When strolling, it is worth visiting the hall leading to the Lithuanian Center. On its walls and ceiling, there are beautiful frescoes showing scenes from Lithuanian mythology.
When visiting the university, it is worth taking a look at the St. John’s Church. Close to the church, there is a campanile and at the same time a great viewpoint. The cost of admission is EUR 3.
Cathedral Square in Vilnius
The heart of the city is the Cathedral Square,
The tower standing next to the cathedral is a former tower rebuilt in 1530, which in the past was part of the defensive walls of Vilnius.
Castle of the Grand Dukes of Lithuania
Very close to the Cathedral Square is the Castle of the Grand Dukes of Lithuania. At the National Museum of the Palace of the Grand Dukes of Lithuania, you can see two permanent exhibitions reflecting the functions of a historic residence. The cost of admission is EUR 7.
At the top of Mount Gediminas is the Gediminas Tower – a tower and at the same time the only remnant of Gediminas Castle. Take the cable car up and watch a panorama of the city with the Neris river in the background. The cost of entry is EUR 5.
The Hill of Three Crosses
In our opinion, however, the best (and free!) way to see the panorama is to climb the Hill of Three Crosses. There used to be a castle called Crooked, which was taken over and burned by the Teutonic Knights in 1390. According to legend, on the mountain once stood three wooden crosses, which were later replaced by concrete ones.
Climbing up is quite a challenge, but it’s worth it – the view is beautiful! Ideally, do it at sunset, then the view of the Old Town is even more unique.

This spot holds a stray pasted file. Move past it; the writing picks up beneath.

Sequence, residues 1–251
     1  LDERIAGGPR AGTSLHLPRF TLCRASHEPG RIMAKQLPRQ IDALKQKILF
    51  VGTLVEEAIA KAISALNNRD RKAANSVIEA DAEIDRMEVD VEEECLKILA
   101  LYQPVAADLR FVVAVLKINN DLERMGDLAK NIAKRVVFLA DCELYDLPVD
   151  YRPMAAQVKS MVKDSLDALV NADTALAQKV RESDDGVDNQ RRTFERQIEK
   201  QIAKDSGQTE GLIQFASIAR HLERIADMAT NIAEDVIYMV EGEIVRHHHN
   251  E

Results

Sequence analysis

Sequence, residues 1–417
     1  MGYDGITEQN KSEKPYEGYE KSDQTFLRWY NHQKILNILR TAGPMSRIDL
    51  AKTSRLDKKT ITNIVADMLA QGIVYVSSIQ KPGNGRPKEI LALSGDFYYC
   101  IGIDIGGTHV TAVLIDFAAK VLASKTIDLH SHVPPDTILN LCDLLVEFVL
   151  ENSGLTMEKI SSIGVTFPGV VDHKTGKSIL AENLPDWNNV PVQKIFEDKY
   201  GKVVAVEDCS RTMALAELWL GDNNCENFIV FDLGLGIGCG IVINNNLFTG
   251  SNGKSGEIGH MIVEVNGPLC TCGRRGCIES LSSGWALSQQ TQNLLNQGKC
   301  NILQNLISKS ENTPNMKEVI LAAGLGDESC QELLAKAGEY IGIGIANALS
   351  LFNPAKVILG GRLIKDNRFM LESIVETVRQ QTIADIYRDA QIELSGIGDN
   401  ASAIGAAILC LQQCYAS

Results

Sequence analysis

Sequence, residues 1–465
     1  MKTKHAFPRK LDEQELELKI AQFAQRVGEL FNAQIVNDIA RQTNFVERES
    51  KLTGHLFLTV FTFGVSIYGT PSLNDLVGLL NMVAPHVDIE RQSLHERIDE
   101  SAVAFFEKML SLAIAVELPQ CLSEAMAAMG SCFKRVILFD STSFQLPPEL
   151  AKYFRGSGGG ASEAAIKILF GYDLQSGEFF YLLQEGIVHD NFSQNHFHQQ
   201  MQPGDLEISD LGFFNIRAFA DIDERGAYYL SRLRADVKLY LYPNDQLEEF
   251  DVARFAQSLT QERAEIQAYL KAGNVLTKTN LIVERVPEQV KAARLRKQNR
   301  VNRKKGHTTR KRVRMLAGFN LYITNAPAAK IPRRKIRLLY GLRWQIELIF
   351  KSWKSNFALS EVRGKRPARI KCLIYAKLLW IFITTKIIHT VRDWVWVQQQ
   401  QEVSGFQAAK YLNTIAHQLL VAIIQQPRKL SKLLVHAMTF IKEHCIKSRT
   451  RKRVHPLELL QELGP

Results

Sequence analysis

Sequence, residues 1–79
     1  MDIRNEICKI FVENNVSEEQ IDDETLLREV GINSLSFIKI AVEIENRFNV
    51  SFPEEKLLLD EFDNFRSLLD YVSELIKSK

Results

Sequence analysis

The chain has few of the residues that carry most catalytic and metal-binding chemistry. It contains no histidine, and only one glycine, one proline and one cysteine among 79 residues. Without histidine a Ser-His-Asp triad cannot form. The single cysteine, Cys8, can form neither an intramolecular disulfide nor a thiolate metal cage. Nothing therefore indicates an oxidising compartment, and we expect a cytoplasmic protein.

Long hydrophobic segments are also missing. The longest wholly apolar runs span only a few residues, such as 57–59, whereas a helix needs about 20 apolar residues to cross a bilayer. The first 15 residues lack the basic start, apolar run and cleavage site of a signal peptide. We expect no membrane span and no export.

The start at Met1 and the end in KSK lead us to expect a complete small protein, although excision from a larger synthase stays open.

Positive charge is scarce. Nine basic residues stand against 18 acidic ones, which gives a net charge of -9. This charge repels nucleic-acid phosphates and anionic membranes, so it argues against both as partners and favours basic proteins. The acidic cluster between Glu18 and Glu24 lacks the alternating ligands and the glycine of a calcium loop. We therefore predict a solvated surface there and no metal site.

It is worth considering visiting the Rossa cemetery, picturesquely situated on the hills. Rossa is the oldest cemetery in Vilnius, founded in 1801. Even if your relatives do not rest there, a walk through the cemetery filled with Polish history can be moving. Here is the grave of Pilsudski’s mother and also his heart is buried here.
An interesting place in Vilnius is Užupis. It is one of the oldest districts of Vilnius and once very poor. For some time, however, it has been one of the most representative in the city This is a very hipster location and meeting point for artists who announced their republic here on April 1, 1997.
Republic of Užupis, has its anthem, president, flag, post office, 17-man army and constitution. Here you will find interesting street art, art incubator and Angel of Užupis.
The Halės market in Vilnius brings us memories of Mercado Central in Valencia. The idea is very similar – apart for stalls with fruits, vegetables, meat, Lithuanian cheese or other local products, you can also drink coffee, beer or eat something here (e.g. steak, bagel or … pho soup!). This is where you can buy authentic local products that you can take home or… eat on the spot! 😀
Are you after something more alternative? We invite you to Keulė Rūkė – a barbecue pub, famous for its graffiti showing kissing Vladimir Putin with Donald Trump. Because of damage, graffiti was moved inside and unfortunately, during our stay it was under renovation. Don’t worry, in Keulė Rūkė you’ll see a lot of other graffiti! You can also eat Lithuanian pork ribs or hamburger with long smoked meat and drink Lithuanian beer. The choice is huge!
If you want to visit as much as possible, it’s worth buying the Vilnius Pass. card.
Thanks to it you will be able to visit museums for free, take free guided tours or get many discounts, e.g. for renting a bicycle, boat trip or to specific restaurants. There are 3 card options – for 24, 48 and 72 hours.
- 24-hour card – 19.99 € (online price 17.99 €)
- 48-hour card – 26.99 € (online price – 24.99 €)
- 72-hour card – 34.99 € (online price – 32.99 €)